John Meade Falkner died sixty-seven years ago today. He had been physically declining for
some years. 'Bronchitic colds', 'an abcess on his head', 'bothered with boils', the previous
August he had written to his friend, Canon Wordsworth, "Physically, I am old, and very weak;
but I am given grace to hold the faith ever more surely..." Over Christmas, as Kenneth Warren
remarks, he 'passed from the state of chronic invalid to that of grave illness'. In late June 1932,
Falkner went home to Durham from Weymouth. Bishop Henson, was painfully impressed when
he visited Divinity House on 30 June: "He is a complete wreck and has a moribund manner."
The business world, Burford and Oxford and, by and large, the literary world paid little
attention to his death.
Thanks to his friends - Arthur Cochrane, Charles Lynam, Canon Wordsworth and others; to later appreciations in print - V. S. Pritchett in his 1946 'The Living Novel', Geoffrey Grigson in 1948, G.M. Young and Sir Edmund Craster in the 1954 Oxford World's Classics volume, and William Haley in his 1977 review of A Midsummer Night's Marriage; to Kenneth Warren's thoughtful biography of 1994; to shorter analytical essays by Edward Wilson, Christopher Hawtree and Peter Davey; but, above all, to Falkner's own superb gift for story-telling: attention has been paid ever since to his life and works, his novel Moonfleet has never been out of print and there is presently a critical respect for his other writings.
Kenneth Warren sub-titled his biography of Falkner A Paradoxical Life and ended his appraisal with these words:
He is, indeed, worthy of further assessment and of his own Society!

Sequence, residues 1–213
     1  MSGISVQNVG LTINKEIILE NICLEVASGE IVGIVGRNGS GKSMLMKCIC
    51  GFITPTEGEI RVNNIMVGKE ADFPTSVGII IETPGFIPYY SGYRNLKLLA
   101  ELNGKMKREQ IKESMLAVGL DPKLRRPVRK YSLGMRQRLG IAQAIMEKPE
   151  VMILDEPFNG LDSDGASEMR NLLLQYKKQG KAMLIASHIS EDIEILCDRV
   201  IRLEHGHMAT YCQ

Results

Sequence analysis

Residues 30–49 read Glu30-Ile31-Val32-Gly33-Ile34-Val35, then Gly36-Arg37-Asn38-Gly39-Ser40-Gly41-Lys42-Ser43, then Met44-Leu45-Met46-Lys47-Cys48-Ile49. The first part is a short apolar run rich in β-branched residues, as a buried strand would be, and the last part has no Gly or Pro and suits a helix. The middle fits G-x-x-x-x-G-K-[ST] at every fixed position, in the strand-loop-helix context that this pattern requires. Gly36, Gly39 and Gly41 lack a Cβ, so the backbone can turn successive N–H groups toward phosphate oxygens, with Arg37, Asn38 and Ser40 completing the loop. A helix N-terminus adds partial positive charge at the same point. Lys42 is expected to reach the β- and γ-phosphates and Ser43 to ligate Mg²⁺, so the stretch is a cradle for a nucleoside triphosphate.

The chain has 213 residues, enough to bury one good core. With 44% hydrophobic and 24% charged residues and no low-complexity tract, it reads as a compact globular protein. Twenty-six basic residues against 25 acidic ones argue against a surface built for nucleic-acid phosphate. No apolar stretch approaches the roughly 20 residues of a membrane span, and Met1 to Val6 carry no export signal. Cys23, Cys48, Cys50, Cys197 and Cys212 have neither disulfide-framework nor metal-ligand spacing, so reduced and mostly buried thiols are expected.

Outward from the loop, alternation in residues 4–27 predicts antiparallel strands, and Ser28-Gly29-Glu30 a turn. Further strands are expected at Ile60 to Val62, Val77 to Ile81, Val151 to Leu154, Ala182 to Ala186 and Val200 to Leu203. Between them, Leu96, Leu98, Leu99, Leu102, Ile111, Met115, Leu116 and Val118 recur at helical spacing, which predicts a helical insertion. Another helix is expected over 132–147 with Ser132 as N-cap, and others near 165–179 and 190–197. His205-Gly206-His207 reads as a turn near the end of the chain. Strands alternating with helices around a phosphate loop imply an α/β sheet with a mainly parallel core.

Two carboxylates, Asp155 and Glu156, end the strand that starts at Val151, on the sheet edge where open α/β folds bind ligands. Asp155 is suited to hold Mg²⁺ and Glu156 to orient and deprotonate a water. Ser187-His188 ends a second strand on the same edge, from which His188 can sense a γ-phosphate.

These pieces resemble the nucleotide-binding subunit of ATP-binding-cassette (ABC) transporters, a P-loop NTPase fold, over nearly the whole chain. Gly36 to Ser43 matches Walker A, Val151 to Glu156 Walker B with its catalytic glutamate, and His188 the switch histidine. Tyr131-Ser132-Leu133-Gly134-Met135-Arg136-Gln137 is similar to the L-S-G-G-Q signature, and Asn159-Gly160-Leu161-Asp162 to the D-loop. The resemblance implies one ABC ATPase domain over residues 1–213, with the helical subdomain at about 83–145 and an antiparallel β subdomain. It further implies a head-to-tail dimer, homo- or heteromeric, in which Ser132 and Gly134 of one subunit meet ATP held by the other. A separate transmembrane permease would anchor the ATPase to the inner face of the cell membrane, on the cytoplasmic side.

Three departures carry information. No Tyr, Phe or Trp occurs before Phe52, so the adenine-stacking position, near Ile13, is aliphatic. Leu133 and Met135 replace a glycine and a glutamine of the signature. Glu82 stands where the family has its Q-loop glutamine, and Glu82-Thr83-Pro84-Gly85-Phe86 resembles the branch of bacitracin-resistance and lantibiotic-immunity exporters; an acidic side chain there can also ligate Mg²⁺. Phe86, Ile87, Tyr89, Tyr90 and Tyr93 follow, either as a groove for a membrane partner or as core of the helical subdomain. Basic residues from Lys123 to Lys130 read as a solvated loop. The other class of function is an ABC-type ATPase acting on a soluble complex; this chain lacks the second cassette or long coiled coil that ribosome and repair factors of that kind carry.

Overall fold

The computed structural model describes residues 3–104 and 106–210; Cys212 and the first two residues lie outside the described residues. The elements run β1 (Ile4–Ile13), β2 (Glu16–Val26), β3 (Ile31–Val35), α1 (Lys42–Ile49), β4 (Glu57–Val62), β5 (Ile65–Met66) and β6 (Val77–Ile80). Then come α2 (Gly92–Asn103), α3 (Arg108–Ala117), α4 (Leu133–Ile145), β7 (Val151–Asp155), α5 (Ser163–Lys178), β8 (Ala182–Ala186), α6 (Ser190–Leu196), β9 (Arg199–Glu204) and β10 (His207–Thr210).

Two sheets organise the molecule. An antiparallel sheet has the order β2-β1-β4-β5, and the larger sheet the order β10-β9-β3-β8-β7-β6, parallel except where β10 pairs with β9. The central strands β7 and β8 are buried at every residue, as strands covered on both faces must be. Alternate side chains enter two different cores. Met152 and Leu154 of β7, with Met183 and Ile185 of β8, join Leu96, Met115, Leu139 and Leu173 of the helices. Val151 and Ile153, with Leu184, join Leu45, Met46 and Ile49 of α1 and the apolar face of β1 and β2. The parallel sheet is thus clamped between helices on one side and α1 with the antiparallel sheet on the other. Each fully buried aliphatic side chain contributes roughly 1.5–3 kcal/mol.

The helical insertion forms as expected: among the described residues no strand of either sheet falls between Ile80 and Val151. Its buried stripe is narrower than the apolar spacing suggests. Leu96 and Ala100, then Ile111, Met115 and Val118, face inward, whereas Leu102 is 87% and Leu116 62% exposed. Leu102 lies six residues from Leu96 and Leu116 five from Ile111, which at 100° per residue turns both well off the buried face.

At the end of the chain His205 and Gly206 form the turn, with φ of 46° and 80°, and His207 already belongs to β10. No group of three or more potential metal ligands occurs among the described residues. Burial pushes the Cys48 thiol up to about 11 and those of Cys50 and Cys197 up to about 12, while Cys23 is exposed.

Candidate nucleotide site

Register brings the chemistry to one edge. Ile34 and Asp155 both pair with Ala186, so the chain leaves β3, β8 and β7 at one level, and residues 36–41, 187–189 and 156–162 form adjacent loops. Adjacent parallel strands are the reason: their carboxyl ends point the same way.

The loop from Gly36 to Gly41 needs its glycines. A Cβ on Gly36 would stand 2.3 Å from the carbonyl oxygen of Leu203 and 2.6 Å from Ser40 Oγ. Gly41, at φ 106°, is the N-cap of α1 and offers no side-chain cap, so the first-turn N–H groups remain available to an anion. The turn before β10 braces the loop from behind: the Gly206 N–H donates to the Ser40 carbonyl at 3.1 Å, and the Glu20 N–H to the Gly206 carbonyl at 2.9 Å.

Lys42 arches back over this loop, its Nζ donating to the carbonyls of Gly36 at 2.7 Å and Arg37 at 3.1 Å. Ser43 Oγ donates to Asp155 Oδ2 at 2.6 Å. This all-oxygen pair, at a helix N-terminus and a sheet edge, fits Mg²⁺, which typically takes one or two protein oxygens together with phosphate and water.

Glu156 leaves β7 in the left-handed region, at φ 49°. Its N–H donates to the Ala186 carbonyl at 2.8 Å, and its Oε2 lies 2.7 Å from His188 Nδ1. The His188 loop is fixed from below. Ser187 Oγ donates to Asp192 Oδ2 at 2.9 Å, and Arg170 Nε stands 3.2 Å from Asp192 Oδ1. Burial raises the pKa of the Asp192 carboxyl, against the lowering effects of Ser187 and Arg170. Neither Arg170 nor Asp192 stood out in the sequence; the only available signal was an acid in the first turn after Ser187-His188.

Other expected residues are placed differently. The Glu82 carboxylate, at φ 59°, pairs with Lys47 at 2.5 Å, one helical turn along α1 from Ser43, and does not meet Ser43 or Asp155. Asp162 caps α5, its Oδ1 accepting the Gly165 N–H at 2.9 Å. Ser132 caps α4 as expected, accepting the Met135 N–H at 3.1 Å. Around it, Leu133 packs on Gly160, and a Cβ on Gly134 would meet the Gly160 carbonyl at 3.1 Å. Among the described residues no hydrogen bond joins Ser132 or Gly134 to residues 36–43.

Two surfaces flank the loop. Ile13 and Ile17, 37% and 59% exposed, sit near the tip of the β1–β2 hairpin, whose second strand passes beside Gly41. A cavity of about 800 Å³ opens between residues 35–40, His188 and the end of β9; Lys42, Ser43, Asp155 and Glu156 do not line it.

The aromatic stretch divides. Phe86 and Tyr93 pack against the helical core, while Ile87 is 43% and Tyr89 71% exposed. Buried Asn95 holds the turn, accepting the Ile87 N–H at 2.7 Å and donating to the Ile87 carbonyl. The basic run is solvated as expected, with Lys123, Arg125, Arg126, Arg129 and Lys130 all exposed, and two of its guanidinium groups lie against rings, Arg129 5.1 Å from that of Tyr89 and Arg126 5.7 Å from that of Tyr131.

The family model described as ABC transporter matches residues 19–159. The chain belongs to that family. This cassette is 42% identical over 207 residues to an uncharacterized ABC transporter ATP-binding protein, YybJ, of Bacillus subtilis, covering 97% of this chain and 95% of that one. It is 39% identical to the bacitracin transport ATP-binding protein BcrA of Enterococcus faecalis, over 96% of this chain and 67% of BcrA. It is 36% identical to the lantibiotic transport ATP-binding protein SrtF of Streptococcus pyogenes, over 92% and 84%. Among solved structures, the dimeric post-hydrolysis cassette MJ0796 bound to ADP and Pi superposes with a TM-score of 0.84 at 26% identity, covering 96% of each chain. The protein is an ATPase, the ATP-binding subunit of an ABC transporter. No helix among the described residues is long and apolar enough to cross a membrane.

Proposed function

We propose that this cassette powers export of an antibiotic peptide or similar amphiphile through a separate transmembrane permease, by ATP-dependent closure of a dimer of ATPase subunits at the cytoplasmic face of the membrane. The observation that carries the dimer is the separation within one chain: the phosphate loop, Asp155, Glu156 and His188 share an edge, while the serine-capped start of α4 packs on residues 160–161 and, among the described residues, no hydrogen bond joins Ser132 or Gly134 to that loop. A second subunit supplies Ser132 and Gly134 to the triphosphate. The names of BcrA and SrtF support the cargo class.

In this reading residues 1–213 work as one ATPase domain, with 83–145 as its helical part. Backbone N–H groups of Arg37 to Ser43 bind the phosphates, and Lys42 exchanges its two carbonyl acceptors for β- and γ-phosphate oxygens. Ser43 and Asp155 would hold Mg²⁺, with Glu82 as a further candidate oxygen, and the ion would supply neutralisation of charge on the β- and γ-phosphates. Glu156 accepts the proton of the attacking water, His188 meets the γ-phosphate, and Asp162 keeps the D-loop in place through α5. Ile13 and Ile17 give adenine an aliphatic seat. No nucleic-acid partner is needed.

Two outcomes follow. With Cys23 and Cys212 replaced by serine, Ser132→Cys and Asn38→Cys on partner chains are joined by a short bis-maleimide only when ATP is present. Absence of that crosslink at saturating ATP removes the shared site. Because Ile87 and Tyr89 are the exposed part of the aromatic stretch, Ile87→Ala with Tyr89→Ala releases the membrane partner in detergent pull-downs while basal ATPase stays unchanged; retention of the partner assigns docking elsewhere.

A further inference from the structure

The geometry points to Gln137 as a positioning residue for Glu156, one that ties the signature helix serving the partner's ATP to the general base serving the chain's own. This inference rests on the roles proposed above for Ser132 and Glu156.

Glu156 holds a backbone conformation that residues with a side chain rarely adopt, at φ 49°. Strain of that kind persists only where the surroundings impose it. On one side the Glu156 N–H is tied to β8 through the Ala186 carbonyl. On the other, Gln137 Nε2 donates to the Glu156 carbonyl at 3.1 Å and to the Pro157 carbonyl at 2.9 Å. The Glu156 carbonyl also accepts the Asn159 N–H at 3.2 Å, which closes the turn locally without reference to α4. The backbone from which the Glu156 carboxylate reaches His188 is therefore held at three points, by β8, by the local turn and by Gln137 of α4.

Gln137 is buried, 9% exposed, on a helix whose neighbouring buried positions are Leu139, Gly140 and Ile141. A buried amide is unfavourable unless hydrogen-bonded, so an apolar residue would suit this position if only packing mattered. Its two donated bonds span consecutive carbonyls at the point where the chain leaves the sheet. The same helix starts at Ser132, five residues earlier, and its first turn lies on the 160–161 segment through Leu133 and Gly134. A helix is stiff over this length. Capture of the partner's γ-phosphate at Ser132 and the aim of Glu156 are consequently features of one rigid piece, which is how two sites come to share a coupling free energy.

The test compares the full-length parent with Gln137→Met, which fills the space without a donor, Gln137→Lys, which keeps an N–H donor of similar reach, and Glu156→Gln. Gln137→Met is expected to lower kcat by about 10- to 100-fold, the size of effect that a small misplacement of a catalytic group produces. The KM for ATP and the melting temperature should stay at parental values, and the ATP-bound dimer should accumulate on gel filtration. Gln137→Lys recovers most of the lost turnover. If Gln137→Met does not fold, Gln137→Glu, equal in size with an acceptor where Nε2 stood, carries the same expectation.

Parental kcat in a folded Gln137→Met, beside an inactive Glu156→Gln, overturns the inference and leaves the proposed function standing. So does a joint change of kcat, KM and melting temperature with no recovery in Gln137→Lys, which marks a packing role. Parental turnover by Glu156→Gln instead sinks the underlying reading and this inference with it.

"He was a man of fascinating complexity who managed to keep
incompatibles in insulated compartments. To some extent his
experience was the epitome of that of his age. He was a
classicist, a churchman, a medievalist, but, in that respect
at least, John Meade Falkner was a thoroughly modern man".
A 'Paradoxical Life'?! I do not suppose anyone knows of the whereabouts of a copy of JMF's subsequent collection? The copyright manager of Novello (in 1995) could not trace it, but was willing to grant permission for its reproduction, if it could be found.
Dear Sir, (to C.W. Pearce, Esq.)
I am writing to ask if you will give me permission to print, in a collection of chants, a chant of yours. It is a chant that I admire exceedingly, and I should be very grateful indeed, if you would let me use it.
The collection is for the Psalter only, with no Venites. I have practically eliminated Single chants, and there are very few minors. If you allow it I propose using your chant for "By the waters of Babylon" I have tried to only use chants with real melody and power, not musical exercises in invertebrate compositions. I am quite sure that among the great number of "chant-books" there is still ample room for something of this kind. I am publishing with Messrs. Novello - but at my own cost, and not for profit. The book will be well 'got up'. I will send you a copy; or as many copies, as you care to have. If you permit me to print, I will print with the chant that it is printed by your permission, as I have arranged to do so with all copyright and private chants..
Yours very faithfully
J Meade Falkner
Perhaps I ought to say that I am a business man, and a director of Sir W. G. Armstrong Whitworth & Co.
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